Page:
In the Cloud
One of newest technologies offered by EA is RNA-Seq. “RNA-Seq profiles the whole transcriptome and generates a thousand times more data than a typical microarray,” says McPhail.
RNA-Seq investigates biological events beyond the reach of microarrays, such as the identification of novel transcripts and isoforms, alternative splicing sites, and allele-specific expressions. However, this means higher complexity in terms of bioinformatics and data storage and processing.
To advance the adoption of RNA-Seq, EA teamed up with Golden Helix and created a solution that processes data in a service-based cloud-computing environment. These integrated desktop tools are simplified, scalable, and affordable, notes McPhail.
In the current configuration, raw sequence data are streamed to the cloud, where FASTQ files are generated in a primary analysis pipeline from EA. FASTQ files are aligned and normalized and both isoform and gene detection are performed in a secondary analysis pipeline from EA. When users are ready to interpret this data, Golden Helix provides differential expression workflows optimized for RNA-Seq data.
Golden Helix also services customers with its SNP & Variation Suite software, which incorporates a desktop-based genome browser designed to query and view datasets in the cloud. “We’re excited to bring the complementary capabilities to the broader community,” says McPhail.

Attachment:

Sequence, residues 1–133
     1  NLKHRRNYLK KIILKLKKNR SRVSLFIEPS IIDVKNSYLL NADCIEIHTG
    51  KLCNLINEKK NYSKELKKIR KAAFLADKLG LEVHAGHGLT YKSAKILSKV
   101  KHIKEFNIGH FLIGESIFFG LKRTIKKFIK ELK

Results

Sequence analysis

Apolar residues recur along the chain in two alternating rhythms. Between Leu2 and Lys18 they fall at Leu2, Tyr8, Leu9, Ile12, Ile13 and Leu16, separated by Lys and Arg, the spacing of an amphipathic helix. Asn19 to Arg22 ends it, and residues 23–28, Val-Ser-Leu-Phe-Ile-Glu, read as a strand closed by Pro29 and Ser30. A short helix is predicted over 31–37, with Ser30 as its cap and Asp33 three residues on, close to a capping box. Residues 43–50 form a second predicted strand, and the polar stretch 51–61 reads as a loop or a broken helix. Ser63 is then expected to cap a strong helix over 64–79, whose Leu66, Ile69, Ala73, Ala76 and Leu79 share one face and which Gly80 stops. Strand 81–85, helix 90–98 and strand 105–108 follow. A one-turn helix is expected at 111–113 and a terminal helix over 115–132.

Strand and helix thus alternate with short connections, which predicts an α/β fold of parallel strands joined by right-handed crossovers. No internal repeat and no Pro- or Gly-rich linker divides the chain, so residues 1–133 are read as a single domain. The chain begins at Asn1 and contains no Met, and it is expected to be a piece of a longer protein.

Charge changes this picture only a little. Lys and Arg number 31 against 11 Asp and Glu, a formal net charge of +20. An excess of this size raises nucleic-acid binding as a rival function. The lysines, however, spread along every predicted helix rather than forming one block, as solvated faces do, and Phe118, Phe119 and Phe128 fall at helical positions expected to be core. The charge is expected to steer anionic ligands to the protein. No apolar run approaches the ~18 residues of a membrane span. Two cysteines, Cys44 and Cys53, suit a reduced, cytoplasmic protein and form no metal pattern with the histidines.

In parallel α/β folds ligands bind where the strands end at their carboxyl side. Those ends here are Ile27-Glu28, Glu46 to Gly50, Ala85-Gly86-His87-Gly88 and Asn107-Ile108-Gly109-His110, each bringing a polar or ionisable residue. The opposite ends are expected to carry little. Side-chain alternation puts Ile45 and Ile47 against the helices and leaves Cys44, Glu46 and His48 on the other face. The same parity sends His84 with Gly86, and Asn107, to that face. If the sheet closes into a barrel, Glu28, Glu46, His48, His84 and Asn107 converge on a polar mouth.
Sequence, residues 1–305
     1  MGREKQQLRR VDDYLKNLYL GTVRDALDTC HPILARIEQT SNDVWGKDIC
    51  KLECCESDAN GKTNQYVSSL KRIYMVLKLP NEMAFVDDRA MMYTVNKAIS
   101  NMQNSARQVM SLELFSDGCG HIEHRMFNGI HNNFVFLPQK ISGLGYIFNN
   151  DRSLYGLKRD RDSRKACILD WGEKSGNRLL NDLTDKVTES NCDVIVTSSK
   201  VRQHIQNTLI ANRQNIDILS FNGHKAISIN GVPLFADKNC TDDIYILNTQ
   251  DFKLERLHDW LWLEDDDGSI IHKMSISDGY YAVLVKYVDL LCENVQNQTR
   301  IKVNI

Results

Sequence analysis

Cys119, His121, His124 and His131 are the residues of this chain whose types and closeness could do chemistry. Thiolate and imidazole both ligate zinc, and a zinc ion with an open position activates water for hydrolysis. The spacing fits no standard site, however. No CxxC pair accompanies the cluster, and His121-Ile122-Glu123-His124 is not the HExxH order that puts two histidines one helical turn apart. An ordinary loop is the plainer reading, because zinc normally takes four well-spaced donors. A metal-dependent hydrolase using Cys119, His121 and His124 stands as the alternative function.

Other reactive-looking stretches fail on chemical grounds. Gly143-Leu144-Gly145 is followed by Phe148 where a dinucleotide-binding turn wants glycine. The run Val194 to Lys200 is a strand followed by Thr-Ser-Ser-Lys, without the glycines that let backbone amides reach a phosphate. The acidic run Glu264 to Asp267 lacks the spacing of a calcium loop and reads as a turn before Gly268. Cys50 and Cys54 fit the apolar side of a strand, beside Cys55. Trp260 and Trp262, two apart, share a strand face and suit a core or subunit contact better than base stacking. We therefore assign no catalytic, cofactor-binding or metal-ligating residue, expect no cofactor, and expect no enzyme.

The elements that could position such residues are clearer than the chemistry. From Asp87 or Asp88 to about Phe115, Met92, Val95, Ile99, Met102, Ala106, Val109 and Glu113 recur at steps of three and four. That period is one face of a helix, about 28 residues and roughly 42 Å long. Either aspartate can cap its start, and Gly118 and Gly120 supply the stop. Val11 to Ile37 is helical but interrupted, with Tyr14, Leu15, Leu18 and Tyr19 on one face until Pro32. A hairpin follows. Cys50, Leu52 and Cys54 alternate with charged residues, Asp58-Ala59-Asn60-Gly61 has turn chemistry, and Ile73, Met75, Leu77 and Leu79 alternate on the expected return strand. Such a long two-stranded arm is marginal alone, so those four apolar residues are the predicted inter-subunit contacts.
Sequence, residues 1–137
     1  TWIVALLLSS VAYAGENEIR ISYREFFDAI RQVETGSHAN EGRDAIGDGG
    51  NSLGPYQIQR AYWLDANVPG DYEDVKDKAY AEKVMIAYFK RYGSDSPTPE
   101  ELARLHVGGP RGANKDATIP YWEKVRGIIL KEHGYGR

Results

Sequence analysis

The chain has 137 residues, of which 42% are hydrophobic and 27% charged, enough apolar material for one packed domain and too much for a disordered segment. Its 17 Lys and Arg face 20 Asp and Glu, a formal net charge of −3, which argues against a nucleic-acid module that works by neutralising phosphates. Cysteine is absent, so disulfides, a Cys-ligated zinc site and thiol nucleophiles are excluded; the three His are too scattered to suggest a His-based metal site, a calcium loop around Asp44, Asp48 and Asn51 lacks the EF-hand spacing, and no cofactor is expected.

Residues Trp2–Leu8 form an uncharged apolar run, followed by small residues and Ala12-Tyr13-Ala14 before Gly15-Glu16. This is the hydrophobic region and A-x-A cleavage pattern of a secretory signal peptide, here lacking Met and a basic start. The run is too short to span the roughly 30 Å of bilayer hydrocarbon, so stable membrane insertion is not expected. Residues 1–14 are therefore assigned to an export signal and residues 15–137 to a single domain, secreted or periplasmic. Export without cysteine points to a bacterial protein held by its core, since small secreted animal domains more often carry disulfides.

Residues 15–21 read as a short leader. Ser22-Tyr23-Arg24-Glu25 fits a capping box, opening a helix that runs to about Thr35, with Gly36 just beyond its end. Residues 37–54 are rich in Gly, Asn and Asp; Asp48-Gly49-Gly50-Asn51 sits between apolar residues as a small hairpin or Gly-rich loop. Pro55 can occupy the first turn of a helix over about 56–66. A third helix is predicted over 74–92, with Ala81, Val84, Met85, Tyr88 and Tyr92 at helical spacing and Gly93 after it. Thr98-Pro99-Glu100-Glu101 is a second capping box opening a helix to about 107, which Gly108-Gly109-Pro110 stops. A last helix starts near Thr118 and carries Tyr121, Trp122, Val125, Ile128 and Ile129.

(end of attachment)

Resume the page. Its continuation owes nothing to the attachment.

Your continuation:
To further entice researchers to try RNA-Seq, EA, Golden Helix, and Illumina teamed up to offer three grants for cutting-edge projects aimed at identifying genetic elements involved in human health. EA will perform the sequencing and data analysis, Golden Helix will provide cloud-based storage and tertiary analysis tools, and Illumina will furnish products required for the study.
EA recently partnered with Pacific Biosciences to offer its PacBio RS system. This technology uses single molecule, real-time sequencing to give insights into fundamental underlying biological processes. Initial applications include de novo and hybrid assembly, pathogen identification, and targeted sequencing.
The DNA sequencing platform generates ultra-long read lengths and detects kinetic information not available elsewhere. “The longest sequence reads in our lab are approaching 20,000 bases,” says McPhail.
Over the years, EA also has formed alliances with many government agencies and foundations, including the International Serious Adverse Events Consortium, the Spinal Muscular Atrophy Foundation, the Cure Huntington’s Disease Foundation, and International Neuroscience Network Foundation.
“We participate to help move genomics testing forward to meet our mission of applying genomic data to improve the diagnosis, treatment, and management of complex diseases,” explains McPhail.